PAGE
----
Queen says invasion of Grenada showed vulnerability of small states
Oct. 30, 1985
BRIDGETOWN, Barbados (AP) _ Britain's Queen Elizabeth II said Tuesday the situation that led to the U.S.-led invasion of Grenada in 1983 ''highlighted the vulnerability of small states'' in the Caribbean.
She also called for continued cooperation between Commonwealth governments in the region ''to stabilize what has been achieved.''
The queen did not mention Grenada by name during a speech to some 11,000 people at a Youth Rally on the final day of a two-day visit to Barbados.
She said, ''Recent events in which the Barbados Defense Force had been involved highlighted the vulnerability of small states such as those of the Eastern Caribbean.''
As queen, she was speaking in the name of the government of Barbados, not of Britain.
At the time of the invasion, the British government led by Prime Minister Margaret Thatcher had opposed the military decision, but later softened its position.
U.S. troops, along with small military or police units from the Organization for Eastern Caribbean States, Barbados and Jamaica invaded Grenada, a former British colony, in October 1983. They ousted a radical Marxist military regime that had seized power a week earlier after killing leftist Prims Minister Maurice Bishop and seven of his followers.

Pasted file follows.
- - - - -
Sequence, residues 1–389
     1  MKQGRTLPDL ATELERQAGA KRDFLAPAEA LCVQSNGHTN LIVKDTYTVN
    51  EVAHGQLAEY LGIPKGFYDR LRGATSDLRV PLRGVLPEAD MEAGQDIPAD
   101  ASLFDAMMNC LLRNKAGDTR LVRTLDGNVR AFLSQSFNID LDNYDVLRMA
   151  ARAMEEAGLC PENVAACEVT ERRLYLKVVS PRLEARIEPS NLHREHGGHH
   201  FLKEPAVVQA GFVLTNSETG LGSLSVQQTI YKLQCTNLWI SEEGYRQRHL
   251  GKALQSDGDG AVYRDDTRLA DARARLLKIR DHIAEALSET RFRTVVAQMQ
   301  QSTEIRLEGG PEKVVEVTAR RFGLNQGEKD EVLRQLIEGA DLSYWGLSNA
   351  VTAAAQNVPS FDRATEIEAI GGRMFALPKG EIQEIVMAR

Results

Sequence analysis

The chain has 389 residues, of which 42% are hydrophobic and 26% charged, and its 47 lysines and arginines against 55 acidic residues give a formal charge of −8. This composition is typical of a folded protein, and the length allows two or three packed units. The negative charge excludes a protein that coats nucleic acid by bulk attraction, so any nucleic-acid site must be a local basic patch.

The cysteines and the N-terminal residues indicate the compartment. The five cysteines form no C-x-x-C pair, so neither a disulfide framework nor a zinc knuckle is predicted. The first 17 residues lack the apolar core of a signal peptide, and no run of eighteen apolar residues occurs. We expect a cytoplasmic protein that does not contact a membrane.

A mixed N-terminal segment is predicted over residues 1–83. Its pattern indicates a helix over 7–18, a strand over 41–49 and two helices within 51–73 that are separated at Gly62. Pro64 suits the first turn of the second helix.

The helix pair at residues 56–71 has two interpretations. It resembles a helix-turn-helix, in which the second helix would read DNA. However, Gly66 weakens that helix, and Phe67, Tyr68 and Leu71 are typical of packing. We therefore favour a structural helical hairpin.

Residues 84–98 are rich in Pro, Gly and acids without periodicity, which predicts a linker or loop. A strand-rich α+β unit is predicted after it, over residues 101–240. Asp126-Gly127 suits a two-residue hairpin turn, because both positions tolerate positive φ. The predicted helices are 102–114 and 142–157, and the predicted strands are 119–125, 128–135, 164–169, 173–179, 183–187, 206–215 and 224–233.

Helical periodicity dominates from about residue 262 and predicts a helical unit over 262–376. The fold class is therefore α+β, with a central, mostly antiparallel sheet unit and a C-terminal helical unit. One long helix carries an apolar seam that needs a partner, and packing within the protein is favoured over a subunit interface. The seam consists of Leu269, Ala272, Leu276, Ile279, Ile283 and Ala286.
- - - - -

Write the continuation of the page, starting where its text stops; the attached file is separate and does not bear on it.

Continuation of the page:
Washington had claimed even before the coup by the ultra-leftists that Bishop was placing the island in communist Cuba's sphere of influence.
The British monarch said the stability of Caribbean nations was discussed earlier this month at a Commonwelath summit conference in the Bahamas.
''Cooperation between neighboring small countries, like those of the Caribbean, benefits the region as a whole and helps to stabilize what has been achieved,'' she said.
Barbados and five other Caribbean states formed a Regional Security Force after the invasion. Last month, units of the Security Force engaged in military exercises on the neighboring island of St. Lucia. That also involved British and U.S. military personnel.
Grenada is the next stop on the 10-day tour of Commonwealth Caribbean countries by the monarch and her husband, Prince Philip. They were scheduled to arrive Thursday aboard the royal yacht Brittania.
The youth rally was held in the National Stadium and was attended by thousands of school children and members of various youth organizations.
Queen Elizabeth told them, ''It is only by learning about and understanding our fellow men that we can improve our world, and the earlier we can start the better.''